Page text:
Affordable Housing, Is It Really Affordable?

Finding affordable housing in the Bay Area can be a challenge, especially because when people say the term “affordable housing” it brings on different meanings to different populations of people. Housing is considered affordable, and the rule of thumb, is when a household spends no more than approximately 30% of its income on housing. In many cities, this breakdown constitutes a reasonable expectation of housing costs. However, in some of the largest and more expensive cities across the country, the cost of housing increase outpace the cost of living raises annually, which has continually happened in the Bay Area. Let’s break down the affordability of living in the Bay Area where households that bring in six figures can now be considered low income.


With the drastic increase in socio economic inequality in the Bay Area, largely due to the desirability of the Bay Area and the tech industry’s boom causing unprecedented innovation and wealth, there is an alarming housing crisis that has resulted. This rise in socio-economic inequality has disproportionately impacted people of color. For instance, according to SFGate, the San Francisco median income for white households grew from $98,961 to $106,919 in 2016. Asian households, which earned more than white households in 2015, slipped to second place, increasing to $105,295 from $100,256. However, the median income for black households inched up by $960 to $46,571 in 2016. Hispanic and Latino households’ median income grew from $61,875 to $70,290. This racial trend in the Bay Area cannot be ignored and negatively impacts people of color’s ability to live, work and thrive in the Bay Area, the place they call home.

Both African American and Hispanic households have the highest levels of poverty that falls into the “low income” category. How does this impact the affordability of living in the Bay Area? The ability to find affordable housing not only impacts where people live, but how they live. Household income, which is the combined gross income of everyone in your household, including salaries, retirement, income from assets, etc., is used to determine a family’s ability to live in “affordable” housing. With the rise of housing costs, the inventory of affordable housing becomes limited. That’s why CHDC is focusing on innovation to offer a range of affordable housing solutions and provide housing that is priced so that these households are also able to meet other basic living costs such as food, clothing, transportation, medical care and education. We also see that housing that is lower in cost often times are located in areas which tend to have weaker schools, more crime and bigger social problems as well, which creates a disadvantage for the families in those neighborhoods. The disparity is greater than housing and income levels, and it must be addressed as a community and throughout the Bay Area.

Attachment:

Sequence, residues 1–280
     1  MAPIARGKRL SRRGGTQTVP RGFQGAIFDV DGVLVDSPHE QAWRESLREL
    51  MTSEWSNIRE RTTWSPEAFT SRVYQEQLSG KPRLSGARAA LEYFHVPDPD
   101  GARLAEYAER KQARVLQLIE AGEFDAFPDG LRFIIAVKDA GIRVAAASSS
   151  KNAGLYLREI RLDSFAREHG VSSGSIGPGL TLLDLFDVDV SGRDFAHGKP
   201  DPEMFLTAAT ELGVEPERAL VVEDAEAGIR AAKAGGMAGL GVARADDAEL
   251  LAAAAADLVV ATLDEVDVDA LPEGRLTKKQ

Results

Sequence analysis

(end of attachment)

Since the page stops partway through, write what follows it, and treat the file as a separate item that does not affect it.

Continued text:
Although interest rates and mortgage payments for many buyers are still lower than they were in 2007 before the real estate bubble burst, in the Bay Area, the cost is still very high. According to CoreLogic, the median price paid for a Bay Area home rose to $712,000 last June, which covers new and existing homes and condos in the nine-county Bay Area. And the typical mortgage payment that Bay Area home buyers committed to was more than $2,600, or $31,200 a year. With low income limits being $80,400 in Alameda and Contra Costa counties, and the general rule of thumb that you should allot 30% of your income to housing ($24,120), purchasing a home is often unaffordable for lower income families.

The cost of renting is dismal as well. According to a 2016 fair-market rent data from the U.S. Department of Housing and Urban Development and wage data from the U.S. Bureau of Labor Statistics, even with the increasing costs of rent in the Bay Area, only in Contra Costa County are homes relatively affordable, versus rent. According to, the median monthly cost of a two-bedroom apartment was $2,550 in San Jose by the end of 2016, and $4,550 in San Francisco. In the East Bay 2 bedrooms range from $1,900 to almost $3,000. When you overlay the high cost of rent, and of purchasing a home, with the average income, it’s hard to conclude that living in the Bay Area is affordable for many. It’s a harsh reality.


The good news is, across the Bay Area there are various organizations that are working to offer programs and initiatives designed to help those in need. Affordable housing options are being funded from the private, public and non-profit sectors and we need more companies and organizations to help find the right solutions. The result? Working together we will create vibrant communities throughout the Bay Area.


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